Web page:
Commission for the Conservation of Antarctic Marine Living Resources (CCAMLR)

Commission for the Conservation of Southern Bluefin Tuna

Western and Central Pacific Fisheries Commission

South Pacific Regional Fisheries Management Organisation (SPRFMO), managing waters from Western Australia to South America, including the Tasman Sea and South Pacific Ocean

Each RFMO is established through a legally binding Convention.

New Zealand meets annually with other member States to negotiate access to fisheries for New Zealand vessels and agree specific measures to conserve and manage the fisheries and their associated ecosystems. These measures are then incorporated into New Zealand laws and become legally binding on New Zealand vessels, companies and nationals.

IUU Fishing

A majority of Regional Fisheries Management Organizations (RFMOs) maintain lists of vessels identified by their member states as having engaged in Illegal, Unreported and Unregulated (IUU) fishing activities in the area of high seas regulated by the RFMO. Vessels listed as ‘IUU’ or ‘blacklisted’ vessels are known to have engaged in or supported fishing activities in contravention of RFMO rules.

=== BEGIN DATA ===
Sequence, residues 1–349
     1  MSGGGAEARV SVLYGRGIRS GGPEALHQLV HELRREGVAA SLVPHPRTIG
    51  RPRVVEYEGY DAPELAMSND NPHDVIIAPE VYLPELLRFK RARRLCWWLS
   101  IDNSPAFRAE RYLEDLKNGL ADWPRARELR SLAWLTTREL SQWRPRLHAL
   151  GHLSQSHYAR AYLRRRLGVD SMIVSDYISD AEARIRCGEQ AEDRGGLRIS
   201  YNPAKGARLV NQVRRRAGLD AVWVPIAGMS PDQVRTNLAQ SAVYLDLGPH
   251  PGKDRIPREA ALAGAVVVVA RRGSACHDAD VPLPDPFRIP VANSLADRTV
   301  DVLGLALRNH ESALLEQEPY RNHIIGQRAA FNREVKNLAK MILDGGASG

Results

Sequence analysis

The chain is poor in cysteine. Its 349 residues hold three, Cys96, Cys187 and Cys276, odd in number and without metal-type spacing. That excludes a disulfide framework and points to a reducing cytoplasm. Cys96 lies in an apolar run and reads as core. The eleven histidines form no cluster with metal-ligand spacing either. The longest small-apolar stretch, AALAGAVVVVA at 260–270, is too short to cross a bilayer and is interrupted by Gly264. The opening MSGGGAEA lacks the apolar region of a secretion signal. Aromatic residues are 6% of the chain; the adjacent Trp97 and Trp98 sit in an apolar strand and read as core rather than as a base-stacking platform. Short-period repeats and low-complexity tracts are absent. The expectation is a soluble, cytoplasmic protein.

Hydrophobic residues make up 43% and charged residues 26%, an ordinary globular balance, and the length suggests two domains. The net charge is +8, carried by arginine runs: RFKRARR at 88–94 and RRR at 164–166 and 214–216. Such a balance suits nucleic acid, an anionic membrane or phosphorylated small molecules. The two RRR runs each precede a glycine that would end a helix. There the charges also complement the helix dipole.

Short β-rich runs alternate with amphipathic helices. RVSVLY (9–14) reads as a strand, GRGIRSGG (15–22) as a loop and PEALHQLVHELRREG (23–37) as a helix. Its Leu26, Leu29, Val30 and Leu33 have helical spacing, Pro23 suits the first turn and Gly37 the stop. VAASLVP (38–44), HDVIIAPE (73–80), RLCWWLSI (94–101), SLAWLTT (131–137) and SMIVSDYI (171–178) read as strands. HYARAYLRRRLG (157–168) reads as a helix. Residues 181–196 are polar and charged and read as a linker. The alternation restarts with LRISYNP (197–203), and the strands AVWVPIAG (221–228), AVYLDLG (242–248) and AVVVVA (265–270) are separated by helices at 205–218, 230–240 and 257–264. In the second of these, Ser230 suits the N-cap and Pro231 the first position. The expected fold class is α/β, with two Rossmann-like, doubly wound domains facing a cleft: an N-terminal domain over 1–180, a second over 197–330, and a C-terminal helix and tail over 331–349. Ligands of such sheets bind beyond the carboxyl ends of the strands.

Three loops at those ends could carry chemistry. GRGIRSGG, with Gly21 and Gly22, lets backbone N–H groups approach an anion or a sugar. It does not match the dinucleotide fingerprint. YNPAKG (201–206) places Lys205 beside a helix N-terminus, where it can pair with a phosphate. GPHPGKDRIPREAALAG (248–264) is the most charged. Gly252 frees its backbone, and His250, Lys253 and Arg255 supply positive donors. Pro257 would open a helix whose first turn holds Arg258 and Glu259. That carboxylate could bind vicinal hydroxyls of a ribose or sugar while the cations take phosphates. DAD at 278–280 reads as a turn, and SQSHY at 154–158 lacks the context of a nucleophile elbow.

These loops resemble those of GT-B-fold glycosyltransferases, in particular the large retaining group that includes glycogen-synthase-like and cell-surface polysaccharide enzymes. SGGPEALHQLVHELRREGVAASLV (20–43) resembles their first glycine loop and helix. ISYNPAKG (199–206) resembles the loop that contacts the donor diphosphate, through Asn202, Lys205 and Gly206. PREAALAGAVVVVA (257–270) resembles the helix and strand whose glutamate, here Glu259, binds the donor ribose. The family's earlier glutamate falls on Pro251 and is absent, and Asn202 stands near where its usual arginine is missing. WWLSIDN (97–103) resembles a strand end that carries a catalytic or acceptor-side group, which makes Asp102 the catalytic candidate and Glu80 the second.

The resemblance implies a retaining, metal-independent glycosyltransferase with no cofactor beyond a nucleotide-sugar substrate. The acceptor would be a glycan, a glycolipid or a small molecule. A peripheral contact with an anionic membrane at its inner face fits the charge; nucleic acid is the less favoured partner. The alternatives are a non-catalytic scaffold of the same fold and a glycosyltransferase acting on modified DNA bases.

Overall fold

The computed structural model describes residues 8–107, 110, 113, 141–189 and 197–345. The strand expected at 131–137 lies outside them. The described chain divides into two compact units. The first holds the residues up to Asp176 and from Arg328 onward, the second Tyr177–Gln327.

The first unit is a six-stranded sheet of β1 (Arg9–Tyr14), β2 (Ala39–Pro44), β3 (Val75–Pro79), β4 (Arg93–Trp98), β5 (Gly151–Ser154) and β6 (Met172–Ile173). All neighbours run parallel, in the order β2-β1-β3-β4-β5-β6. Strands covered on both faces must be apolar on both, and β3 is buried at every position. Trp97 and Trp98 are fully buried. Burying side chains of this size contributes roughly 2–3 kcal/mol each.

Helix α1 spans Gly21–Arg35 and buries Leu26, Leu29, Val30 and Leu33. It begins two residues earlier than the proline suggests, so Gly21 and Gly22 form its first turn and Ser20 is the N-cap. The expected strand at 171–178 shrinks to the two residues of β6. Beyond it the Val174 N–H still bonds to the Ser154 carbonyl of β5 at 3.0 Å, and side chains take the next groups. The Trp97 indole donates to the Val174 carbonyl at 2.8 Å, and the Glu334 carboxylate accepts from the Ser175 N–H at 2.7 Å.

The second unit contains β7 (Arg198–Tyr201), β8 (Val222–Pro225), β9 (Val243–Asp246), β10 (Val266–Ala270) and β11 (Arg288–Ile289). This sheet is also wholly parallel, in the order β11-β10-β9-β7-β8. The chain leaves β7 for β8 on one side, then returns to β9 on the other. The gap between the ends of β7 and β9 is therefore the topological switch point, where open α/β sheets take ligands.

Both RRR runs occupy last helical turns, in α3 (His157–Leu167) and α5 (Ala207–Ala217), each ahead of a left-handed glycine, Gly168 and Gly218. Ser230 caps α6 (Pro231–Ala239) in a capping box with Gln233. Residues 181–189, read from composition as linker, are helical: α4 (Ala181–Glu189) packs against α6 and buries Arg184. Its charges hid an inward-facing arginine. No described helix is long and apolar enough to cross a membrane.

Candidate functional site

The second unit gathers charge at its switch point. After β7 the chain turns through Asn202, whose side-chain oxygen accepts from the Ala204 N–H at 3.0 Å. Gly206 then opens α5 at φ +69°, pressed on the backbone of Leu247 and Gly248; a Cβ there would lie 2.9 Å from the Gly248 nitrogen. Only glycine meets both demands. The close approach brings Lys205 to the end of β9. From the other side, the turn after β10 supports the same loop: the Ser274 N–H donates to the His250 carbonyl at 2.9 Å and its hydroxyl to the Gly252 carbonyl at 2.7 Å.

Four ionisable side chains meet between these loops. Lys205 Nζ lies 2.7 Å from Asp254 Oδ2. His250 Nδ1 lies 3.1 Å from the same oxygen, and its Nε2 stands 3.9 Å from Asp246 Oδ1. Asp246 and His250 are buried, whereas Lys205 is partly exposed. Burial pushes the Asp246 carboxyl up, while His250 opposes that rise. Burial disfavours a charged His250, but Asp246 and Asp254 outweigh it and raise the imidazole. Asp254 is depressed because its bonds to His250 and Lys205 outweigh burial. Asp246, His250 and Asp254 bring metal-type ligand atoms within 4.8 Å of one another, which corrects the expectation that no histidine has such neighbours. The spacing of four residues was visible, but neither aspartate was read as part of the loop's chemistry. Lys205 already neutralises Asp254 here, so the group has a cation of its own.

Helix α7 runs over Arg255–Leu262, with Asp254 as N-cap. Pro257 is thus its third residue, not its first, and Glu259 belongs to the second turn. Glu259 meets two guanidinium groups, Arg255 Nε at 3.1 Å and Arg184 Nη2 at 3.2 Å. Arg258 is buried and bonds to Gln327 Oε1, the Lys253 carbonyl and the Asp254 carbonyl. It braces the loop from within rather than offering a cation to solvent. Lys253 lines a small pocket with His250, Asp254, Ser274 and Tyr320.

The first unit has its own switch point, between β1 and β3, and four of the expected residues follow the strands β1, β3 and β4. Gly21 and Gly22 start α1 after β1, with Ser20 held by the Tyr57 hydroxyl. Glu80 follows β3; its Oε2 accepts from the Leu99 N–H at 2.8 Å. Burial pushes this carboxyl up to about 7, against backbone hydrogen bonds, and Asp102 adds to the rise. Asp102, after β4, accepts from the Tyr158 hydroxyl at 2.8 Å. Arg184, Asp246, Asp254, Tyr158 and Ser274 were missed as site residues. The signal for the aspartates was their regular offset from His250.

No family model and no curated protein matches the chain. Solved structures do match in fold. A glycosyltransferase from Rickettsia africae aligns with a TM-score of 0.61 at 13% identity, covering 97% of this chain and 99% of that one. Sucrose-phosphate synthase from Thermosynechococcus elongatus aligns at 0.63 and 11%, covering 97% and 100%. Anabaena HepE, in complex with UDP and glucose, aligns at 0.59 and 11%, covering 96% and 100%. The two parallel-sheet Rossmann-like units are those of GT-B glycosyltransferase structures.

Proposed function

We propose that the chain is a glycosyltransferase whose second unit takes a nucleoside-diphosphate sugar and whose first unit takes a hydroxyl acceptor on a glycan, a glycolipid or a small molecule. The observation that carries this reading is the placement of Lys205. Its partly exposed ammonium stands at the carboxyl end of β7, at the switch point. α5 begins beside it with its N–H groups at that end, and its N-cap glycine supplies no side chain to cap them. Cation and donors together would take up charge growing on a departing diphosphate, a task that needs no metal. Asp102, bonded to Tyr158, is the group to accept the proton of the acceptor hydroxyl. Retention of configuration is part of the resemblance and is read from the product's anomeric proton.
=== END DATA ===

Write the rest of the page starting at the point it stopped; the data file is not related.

‘Blacklisted’ vessels are subject to restrictions and sanctions imposed by the member states of the RFMO. Such sanctions include: prohibiting the blacklisted vessel from interacting with a state’s own vessels; denying it entry to a state’s ports; or denying it a license to fish in state waters. In this manner, blacklisting limits a vessel’s ability to operate in a given area.

What will happen if Thunder is found?

Its details such as location and flag will be reported to Interpol. If the nationality of the operators is verified they may be subject to sanctions from RMFO member states as well as investigation by their country of nationality. New Zealand fisheries personnel are only able to board the vessel if it is operating under a flag that is a party to either the RMFO, UN fish stock agreement or with the approval of the flag state. In the absence of any of those only NZDF may board pursuant to UNCLOS to determine flag status. At this date it has not violated New Zealand fisheries law.